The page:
Johnson was an experienced writer by the time he published the Prospectus for his Dictionary of the English Language, so he understood the value of obtaining a sympathetic patron. And it so happens that Philip Dormer, Earl of Chesterfield and one of the principal Secretaries of State, fancied himself an expert on the English language and an arbiter of good taste. Word had come to Johnson via the usual back channels – for no respectable patron would be gauche enough to say outright, “Praise me to the skies, and I will give you money” – that Lord Chesterfield was very interested in Johnson’s project. Thus did Johnson dedicate his Prospectus to the eminent Lord Chesterfield, praising him as an “authority in our language” who has “commissioned me to declare my own opinion….[T]he power which might have been denied to my own claim, will be readily allowed me as the delegate of your Lordship.”
Johnson did his part in the patronage game by giving credit to Lord Chesterfield where none was due, but what did he get in return? Nothing, absolutely nothing — not one red schilling during the seven stressful years that he worked on his masterpiece. Then, around one year before the Dictionary was to be published, Chesterfield published a glowing testimonial to Johnson’s talent, stating the he would gladly bow to Johnson as the new “dictator” of the English language. This praise, as Johnson clearly understood, was offered in the hope that Johnson would dedicate his Dictionary to Lord Chesterfield, just as he had the Prospectus seven years before. But Johnson, having received nothing from Chesterfield during those seven years, was no longer in the mood to play this courtly game. Johnson told Boswell that the praise bestowed upon him by Chesterfield was “all false and hollow.” Chesterfield “had taken no notice of me” for many years, but now, “when my Dictionary was coming out, he fell a scribbling in The World about it.” Johnson then mentioned a letter he had written to Chesterfield, one written in “in civil terms” while making it clear that “I had done with him.” And this brings us to the celebrated letter mentioned earlier, which reads, in part:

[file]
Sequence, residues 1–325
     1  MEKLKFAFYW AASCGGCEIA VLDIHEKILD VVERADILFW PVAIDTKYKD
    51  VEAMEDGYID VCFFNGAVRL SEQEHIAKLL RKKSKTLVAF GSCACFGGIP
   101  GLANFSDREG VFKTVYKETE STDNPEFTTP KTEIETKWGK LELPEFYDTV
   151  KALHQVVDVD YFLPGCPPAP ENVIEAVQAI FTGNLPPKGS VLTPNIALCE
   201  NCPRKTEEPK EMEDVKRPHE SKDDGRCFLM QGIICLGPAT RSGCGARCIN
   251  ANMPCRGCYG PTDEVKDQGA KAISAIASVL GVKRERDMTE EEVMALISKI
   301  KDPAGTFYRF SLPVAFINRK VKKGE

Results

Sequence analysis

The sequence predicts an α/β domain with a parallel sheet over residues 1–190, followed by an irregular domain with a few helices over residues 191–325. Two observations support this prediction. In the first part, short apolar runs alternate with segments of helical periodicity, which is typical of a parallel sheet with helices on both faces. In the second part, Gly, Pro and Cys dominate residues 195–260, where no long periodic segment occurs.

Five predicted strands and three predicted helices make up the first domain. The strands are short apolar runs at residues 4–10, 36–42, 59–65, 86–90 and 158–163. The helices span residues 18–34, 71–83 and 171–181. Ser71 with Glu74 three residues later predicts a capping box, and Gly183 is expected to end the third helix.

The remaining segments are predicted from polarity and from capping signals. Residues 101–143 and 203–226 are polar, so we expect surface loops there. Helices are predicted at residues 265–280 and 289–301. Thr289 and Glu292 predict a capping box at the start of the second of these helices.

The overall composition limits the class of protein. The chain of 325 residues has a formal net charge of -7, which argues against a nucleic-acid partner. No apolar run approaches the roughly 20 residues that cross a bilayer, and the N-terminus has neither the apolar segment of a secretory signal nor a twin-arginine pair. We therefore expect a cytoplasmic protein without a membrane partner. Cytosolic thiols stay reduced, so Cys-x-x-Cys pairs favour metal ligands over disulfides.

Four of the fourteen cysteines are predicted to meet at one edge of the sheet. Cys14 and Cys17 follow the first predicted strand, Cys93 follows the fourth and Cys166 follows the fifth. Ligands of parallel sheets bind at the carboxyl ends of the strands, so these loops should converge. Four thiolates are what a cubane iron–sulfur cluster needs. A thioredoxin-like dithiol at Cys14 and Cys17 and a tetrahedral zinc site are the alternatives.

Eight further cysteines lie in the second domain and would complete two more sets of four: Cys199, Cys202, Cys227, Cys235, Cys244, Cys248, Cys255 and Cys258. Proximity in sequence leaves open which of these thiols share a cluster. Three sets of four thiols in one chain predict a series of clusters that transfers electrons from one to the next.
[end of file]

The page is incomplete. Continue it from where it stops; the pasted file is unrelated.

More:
Seven years, my Lord, have now past, since I waited in your outward rooms, or was repulsed from your door; during which time I have been pushing on my work through difficulties, of which it is useless to complain, and have brought it, at last, to the verge of publication, without one act of assistance, one word of encouragement, or one smile of favor. Such treatment I did not expect, for I never had a Patron before….
Is not a Patron, my Lord, one who looks with unconcern on a man struggling for life in the water, and, when he has reached ground, encumbers him with help? The notice which you have been pleased to take of my labors, had it been early, had it been kind; but it has been delayed until I am indifferent, and cannot enjoy it; till I am solitary, and cannot impart it; till I am known, and do not want it. I hope it is no very cynical asperity not to confess obligations where no benefit has been received, or to be unwilling that the Public should consider me as owing that to a Patron, which Providence has enabled me to do for myself.
Johnson’s Dictionary (published in 1755) was a smashing success with readers and critics alike; it brought “great fame” but no additional money to our beleaguered writer, apart from the 1,575 pounds that he was originally paid (and most of this, as we have seen, was eaten up by expenses over a seven year period). Thus, while the booksellers who had financed this project were rejoicing at their good fortune, Johnson still needed “to make provision for the day that was passing over him.” Johnson was not bitter, however; indeed, when Boswell said, “I am sorry, Sir, you did not get more for your Dictionary,” Johnson replied: “I am sorry, too. But it was very well. The booksellers are generous, liberal‐minded men.” Johnson went on to praise his bookselling financiers as patrons of literature who were well‐deserving of any profits they might reap from his Dictionary: “it is to them that we owe its having been undertaken and carried through at the risk of great expense, for they were not absolutely sure of being indemnified.”